“A potential game changer, full of force and originality. Looser’s refreshingly democratic approach to Austen scholarship not only will add to our knowledge of this author’s reception history and literary afterlife but will surprise even the most informed Austen scholar.” — Janine Barchas, author of   Matters of Fact in Jane Austen: History, Location, and Celebrity

Devoney Looser is a professor of English at Arizona State University. She is the author of Women Writers and Old Age

in Great Britain, 1750 – 1850 and British Women Writers and the Writing of History, 1670 – 1820. JOHNS HOPKINS UNIVERSITY PRESS    25

Science & Technology / Sports

Game Changer The Technoscientific Revolution in Sports RAYVON FOUCHÉ We like to think of sports as elemental: strong bodies trained to overcome height, weight, distance; the thrill of earned victory or the agony of defeat in a contest decided on a level playing field. But in Game Changer, Rayvon Fouché argues that sports have been radically shaped by an explosion of scientific and technological advances in materials, training, nutrition, and medicine dedicated to making athletes stronger and faster. Technoscience, as Fouché dubs it, increasingly gives the edge (however slight) to the athlete with the latest gear, the most advanced training equipment, or the performance-enhancing drugs that are hardest to detect. In this revealing book, Fouché examines a variety of sports paraphernalia and enhancements, from fast suits, athletic shoes, and racing bicycles to basketballs and prosthetic limbs. He also takes a hard look at gender verification testing, direct drug testing, and the athlete biological passport in an attempt to understand the evolving place of technoscience across sport. In this book, Fouché: •

examines the relationship among sport, science, and technology

considers what is at stake in defining sporting culture by its scientific knowledge and technology


256 pages   6 x 9   8 halftones, 4 line drawings


$29.95 (a)   £19.50 hc

Also available as an e-book


provides an informative and engagingly written study

Focusing on well-known athletes, including Michael Phelps, Oscar Pistorius, Caster Semenya, Usain Bolt, and Lance Armstrong, Fouché argues that technoscience calls into question the integrity of games, records, and our bodies themselves. He also touches on attempts by sporting communities to regulate the use of

How has technology challenged the notion of unadulterated athletic performance? technology, from elite soccer’s initial reluctance to utilize goal-line technology to automobile racing’s endless tweaking of regulatory formulas in an attempt to blur engineering potency and reclaim driver skill and ability. Game Changer will change the way you look at sports — and the outsized impact technoscience has on them.

“A distinctive and important contribution to the histories of sports, bodies, and technology. Game Changer is a timely book by a proven scholar.” — Carroll Pursell, author of From Playgrounds to PlayStation: The Interaction of Technology and Play

“Informative, engaging, and well-written, Game Changer deftly reveals that the impact of technoscience on sports has never been greater.” — Eric A. Hall, author of Arthur Ashe: Tennis and Justice in the Civil Rights Era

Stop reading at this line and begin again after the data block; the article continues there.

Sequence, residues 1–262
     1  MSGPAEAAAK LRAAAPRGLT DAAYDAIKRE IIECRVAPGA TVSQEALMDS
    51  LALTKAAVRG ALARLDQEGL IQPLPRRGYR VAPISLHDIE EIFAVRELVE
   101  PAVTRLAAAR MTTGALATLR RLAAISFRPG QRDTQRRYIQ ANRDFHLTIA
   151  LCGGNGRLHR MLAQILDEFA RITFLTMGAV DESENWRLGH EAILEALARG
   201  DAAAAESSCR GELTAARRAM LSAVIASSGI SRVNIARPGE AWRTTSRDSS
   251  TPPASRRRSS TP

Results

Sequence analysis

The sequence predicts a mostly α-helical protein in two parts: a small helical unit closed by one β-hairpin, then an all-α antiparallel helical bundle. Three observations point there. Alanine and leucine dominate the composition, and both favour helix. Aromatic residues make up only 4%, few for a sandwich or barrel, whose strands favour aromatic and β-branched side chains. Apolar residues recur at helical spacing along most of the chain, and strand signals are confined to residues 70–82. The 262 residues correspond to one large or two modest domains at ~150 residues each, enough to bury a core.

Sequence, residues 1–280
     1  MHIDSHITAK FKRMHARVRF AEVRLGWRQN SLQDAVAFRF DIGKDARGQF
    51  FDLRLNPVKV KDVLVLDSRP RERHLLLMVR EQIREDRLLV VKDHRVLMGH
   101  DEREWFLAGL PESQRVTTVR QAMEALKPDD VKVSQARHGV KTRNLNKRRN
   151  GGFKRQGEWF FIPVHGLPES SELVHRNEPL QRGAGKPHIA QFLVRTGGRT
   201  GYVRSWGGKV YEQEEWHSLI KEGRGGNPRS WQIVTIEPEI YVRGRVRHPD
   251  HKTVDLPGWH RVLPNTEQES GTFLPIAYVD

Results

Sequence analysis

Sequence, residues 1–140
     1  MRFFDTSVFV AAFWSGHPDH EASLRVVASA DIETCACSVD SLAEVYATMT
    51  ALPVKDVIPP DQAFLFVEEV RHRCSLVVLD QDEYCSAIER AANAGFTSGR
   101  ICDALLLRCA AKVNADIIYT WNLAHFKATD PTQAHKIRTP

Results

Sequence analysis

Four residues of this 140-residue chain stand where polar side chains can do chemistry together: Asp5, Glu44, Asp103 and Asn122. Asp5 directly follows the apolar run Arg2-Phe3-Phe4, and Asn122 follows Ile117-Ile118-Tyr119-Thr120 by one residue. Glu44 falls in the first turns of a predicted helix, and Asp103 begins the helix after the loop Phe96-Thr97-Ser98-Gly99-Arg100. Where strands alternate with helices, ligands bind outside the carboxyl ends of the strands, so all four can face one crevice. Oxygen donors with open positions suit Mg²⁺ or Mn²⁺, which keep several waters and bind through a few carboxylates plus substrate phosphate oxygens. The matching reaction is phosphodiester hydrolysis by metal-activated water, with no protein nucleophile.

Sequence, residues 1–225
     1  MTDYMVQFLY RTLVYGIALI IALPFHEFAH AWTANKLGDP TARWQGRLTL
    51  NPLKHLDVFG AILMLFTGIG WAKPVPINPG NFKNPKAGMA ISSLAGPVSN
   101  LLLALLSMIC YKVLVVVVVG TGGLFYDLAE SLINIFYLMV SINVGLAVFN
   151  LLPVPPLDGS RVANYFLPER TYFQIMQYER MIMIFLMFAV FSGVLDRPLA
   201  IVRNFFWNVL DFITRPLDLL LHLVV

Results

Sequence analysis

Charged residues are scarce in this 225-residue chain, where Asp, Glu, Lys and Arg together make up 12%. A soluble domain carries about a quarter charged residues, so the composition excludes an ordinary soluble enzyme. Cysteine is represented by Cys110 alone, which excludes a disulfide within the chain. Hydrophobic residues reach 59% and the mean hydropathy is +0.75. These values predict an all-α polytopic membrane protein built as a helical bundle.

Rayvon Fouché is the director of American studies and an associate professor in the School of Interdisciplinary Studies at Purdue University. He is the author of

Black Inventors in the Age of Segregation: Granville T. Woods, Lewis H. Latimer, and Shelby J. Davidson. JOHNS HOPKINS UNIVERSITY PRESS    27

Image of Evergreen Museum & Library from

Evergreen The Garrett Family, Collectors and Connoisseurs EVERGREEN MUSEUM & LIBRARY See page 36

The Main Library, facing northeast

u Major), gne (Le Bea Dr. Devarai i (Italian, Modiglian by Amedeo on canvas. , 1917, oil . 1884–1920) der Garrett f Alice War Bequest o

John Work Garrett, c. 1905. 28  JOHNS HOPKINS UNIVERSITY PRESS

Scholarly & Professional

Alice Warder, by Joseph Otis Minott      (American, d. 1909), c. 1905, watercolor on ivory. JOHNS HOPKINS UNIVERSITY PRESS    29

American History  Witness to History, Peter Charles Hoffer and Williamjames Hull Hoffer, Series Editors

Selma’s Bloody Sunday Protest, Voting Rights, and the Struggle for Racial Equality ROBERT A. PRATT On Sunday afternoon, March 7, 1965, roughly six hundred peaceful demonstrators set out from Brown Chapel A.M.E. Church in a double-file column to march from Selma, Alabama, to the state capital of Montgomery. Leading the march were Hosea Williams of the Southern Christian Leadership Conference and John Lewis of the Student Nonviolent Coordinating Committee. Upon reaching Broad Street, the marchers turned left to cross the Edmund Pettus Bridge that spanned the Alabama River. “When we reached the crest of the bridge,” recalls John Lewis, “I stopped dead still. So did Hosea. There, facing us at the bottom of the other side, stood a sea of blue-helmeted, blue-uniformed Alabama state troopers, line after line of them, dozens of battle-ready lawmen stretched from one side of U.S. Highway 80 to the other. Behind them were several dozen more armed men — Sheriff Clark’s posse — some on horseback, all wearing khaki clothing, many carrying clubs the size of baseball bats.”

JANUARY   160 pages   6 x 9   10 halftones 978-1-4214-2160-5

$19.95 (s)   £15.00 pb


$45.95 (s)   £34.00 hc